A Very Cursory Review of The Stones’ “Blue and Lonesome”


When I was a teenager, I came awfully damned close to becoming an idolater, a worshiper of Mick Jagger, whom I considered the coolest cat in non-Christendom. He provided non-athletes like I-and-I a deviant path to popularity. Rather than snagging winning touchdown passes on the gridiron, we could pump and grind on the dance floor, slouch down the halls instead of swagger, ditch rah! rah! rah! for so what.

Plus Jagger somehow transcended his ugliness. Livered-lipped and as muscular as a spear of asparagus, his charisma, aided and abetted by that 200-watt grin of his, dazzled away those physical shortcomings. He made us ugly boy children with pepperoni complexions feel as if we had a shot.

Actually, as far as music went, I preferred the mid-60s Animals to the mid-‘60s Stones, but when “Jumpin’ Jack Flash” and “Honky Tonk Women” hit the airwaves, I became a true Stones believer. In fact, even now when I hear Charlie Watts hit the cowbell that initiates “Honky Tonk Women,” I let loose a beatific smile.

A string of Stones’ albums of the Late ‘60s and Early ‘70s are arguably the greatest rock-n-roll records in the history of the genre – Beggers’ Banquet, Let It Bleed, Sticky Fingers, and Exile on Main Street – a series of masterpieces. In both sound and sense, they expressed my anger, my disdain for society. I can remember fantasizing in high school about taking over the main building and blasting “Midnight Rambler” over the intercom system as a clarion call for destruction.

However, as the hormones settled down, my fascination with Jagger and Company waned. Truth be told, I haven’t bought a new Stones album since Tattoo You. Let’s face it: in the realm of rock, it’s hard for performers to maintain their creativity past middle age.

On the other hand, in the realm of the blues, it is not only possible but not all that unusual for a bluesman or woman to continue to improve –like Yeats, to continue to create masterworks right up to the end. Sure, Etta James lost some of her range over the years, but it didn’t diminish her artistry. She had so much more heartache to tap into. As they say, you got to suffer if you want to sing the blues, and I’m here to tell you getting old is all about suffering – looks fade, loved ones die, minds go bad, civilization declines.

As Willie B himself put it:

An aged man is but a paltry thing,

A tattered coat upon a stick, unless

Soul clap its hands and sing, and louder sing

For every tatter in its mortal dress.

Old age is all about tatters, and so is the blues.

Blind Willie McTell

Blind Willie McTell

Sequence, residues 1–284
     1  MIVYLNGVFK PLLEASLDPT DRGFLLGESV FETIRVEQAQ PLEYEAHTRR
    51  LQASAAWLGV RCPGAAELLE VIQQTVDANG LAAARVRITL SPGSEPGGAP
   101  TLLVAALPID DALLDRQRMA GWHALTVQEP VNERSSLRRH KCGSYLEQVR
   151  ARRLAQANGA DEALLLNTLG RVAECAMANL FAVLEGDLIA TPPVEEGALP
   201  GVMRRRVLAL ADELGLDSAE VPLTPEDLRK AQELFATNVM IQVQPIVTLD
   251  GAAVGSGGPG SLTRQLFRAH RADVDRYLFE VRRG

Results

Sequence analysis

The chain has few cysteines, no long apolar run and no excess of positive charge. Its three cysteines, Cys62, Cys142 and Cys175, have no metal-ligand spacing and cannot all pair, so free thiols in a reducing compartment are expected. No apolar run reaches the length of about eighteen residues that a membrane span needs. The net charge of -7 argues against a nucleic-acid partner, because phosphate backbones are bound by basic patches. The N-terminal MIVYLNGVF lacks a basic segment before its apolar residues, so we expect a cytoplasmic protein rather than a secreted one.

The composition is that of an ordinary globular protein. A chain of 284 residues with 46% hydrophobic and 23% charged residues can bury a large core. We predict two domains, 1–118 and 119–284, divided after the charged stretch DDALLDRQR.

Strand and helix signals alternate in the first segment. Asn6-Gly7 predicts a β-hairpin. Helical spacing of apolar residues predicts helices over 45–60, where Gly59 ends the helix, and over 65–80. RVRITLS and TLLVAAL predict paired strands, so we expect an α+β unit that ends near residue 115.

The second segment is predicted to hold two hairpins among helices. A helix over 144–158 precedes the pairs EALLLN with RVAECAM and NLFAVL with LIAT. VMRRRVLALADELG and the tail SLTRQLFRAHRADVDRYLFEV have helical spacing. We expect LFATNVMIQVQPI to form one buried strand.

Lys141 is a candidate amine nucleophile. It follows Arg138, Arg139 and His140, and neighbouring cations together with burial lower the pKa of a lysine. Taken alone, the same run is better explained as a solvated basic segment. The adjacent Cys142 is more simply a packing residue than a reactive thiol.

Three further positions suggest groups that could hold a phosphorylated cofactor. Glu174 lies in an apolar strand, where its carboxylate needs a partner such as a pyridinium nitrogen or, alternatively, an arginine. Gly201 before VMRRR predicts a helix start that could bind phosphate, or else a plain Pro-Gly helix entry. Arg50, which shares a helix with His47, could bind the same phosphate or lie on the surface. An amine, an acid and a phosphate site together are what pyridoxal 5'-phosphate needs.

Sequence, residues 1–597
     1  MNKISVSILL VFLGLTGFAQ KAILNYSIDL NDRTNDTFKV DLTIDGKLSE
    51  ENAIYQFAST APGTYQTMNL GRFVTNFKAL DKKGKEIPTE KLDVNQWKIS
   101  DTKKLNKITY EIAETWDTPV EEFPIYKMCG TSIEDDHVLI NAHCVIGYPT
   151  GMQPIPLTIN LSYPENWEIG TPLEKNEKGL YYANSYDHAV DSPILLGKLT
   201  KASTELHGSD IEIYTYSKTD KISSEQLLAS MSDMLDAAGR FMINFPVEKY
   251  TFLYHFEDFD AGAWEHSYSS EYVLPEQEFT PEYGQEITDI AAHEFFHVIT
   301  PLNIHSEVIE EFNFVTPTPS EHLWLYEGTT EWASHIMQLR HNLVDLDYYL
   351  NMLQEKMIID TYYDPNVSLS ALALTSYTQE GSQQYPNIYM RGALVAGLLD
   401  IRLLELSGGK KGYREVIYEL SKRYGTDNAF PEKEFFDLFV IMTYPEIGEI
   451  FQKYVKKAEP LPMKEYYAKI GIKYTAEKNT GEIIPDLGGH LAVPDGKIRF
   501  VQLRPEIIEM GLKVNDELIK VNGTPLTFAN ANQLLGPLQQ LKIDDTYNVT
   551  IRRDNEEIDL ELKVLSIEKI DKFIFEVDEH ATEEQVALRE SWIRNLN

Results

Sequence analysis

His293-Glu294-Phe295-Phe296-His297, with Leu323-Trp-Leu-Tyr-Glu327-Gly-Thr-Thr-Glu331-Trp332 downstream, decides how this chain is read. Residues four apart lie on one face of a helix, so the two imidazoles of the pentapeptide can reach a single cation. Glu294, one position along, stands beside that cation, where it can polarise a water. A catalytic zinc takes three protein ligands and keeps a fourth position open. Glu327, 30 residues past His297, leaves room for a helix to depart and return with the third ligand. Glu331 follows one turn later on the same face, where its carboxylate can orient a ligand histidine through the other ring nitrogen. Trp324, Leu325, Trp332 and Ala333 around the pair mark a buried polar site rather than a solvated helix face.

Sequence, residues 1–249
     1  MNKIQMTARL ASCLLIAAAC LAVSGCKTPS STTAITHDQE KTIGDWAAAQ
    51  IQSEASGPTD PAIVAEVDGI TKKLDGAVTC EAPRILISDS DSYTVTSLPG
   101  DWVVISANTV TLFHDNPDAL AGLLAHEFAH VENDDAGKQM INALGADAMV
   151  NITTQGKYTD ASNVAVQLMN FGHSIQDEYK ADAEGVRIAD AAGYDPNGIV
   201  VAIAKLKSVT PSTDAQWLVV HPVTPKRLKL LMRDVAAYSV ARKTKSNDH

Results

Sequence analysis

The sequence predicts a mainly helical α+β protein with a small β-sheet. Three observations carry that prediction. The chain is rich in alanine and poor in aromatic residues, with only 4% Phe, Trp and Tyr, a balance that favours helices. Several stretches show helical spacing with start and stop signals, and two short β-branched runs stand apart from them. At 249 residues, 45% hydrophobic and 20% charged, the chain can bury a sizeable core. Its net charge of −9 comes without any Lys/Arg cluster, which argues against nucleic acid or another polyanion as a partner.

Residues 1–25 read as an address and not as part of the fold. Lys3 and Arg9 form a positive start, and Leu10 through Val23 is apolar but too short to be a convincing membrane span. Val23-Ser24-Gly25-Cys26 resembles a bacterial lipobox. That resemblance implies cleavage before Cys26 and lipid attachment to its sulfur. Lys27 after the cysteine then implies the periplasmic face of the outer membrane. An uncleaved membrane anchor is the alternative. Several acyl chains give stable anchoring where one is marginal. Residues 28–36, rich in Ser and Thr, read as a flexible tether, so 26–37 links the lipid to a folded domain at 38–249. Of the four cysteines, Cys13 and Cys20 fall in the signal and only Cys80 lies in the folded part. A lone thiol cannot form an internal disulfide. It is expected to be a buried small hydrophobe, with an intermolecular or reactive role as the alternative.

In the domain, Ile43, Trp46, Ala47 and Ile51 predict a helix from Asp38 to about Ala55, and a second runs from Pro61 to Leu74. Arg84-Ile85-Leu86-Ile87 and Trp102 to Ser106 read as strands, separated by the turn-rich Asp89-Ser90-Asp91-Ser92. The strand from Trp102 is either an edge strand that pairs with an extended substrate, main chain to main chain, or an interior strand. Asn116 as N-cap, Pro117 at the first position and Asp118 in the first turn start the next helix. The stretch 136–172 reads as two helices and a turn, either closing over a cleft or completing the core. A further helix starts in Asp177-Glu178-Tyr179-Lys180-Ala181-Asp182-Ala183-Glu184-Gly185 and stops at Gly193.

So when I heard the Stones were going to come out with an album dedicated solely to the blues, I looked forward to it. Jagger actually plays a pretty mean harp. Charlie Watts is a great drummer. Keith and Ronnie can hold their own. However, after one, albeit cursory, listen of Blue and Lonesome, I have to express some mild disappointment.

The tracks sound to me – how should I put this – like approximations – maybe mannered? – though I wouldn’t go far enough to say inauthentic. My favorite cut on the record, “I Hate to See You Go,” is a fine rendition, but then again, as Mick himself once said in an interview way back when, “Why listen to us do ‘King Bee’ when you can listen to Slim Harpo do ‘King Bee?’” – or in this case, why listen to Mick do “I Hate to See You Go” when you can listen to Little Walter do it?


You can check out the Stones’ version here.

Maybe the problem lies in that the Stones tried to make these tunes sound too authentic instead of making them sound fresh. Certainly, their cover of “I Should Have Quit You, Baby” pales, not only to Little Milton’s version, but also Led Zeppelin’s.

That said, I’ll probably end up buying Blue and Lonesome anyway. Maybe it will grow on me. I wouldn’t be surprised.  When it comes to records, sometimes not being wowed at first is good for longevity’s sake.




50 years of Comparing the Beatles and Stones

Yes, it was half-a-century ago that George, John, Paul and Ringo slinked onto the stage of the Ed Sullivan Show to launch the British Invasion, a significant cultural event, not so much because of the lasting impact of bands like The Dave Clark Five or the Mersey Beats or Herman’s Hermits,  but because bands like the Stones and the Animals reintroduced American listeners to R & B and the blues by covering the likes of Slim Harpo, Jimmy Reed, and John Lee Hooker.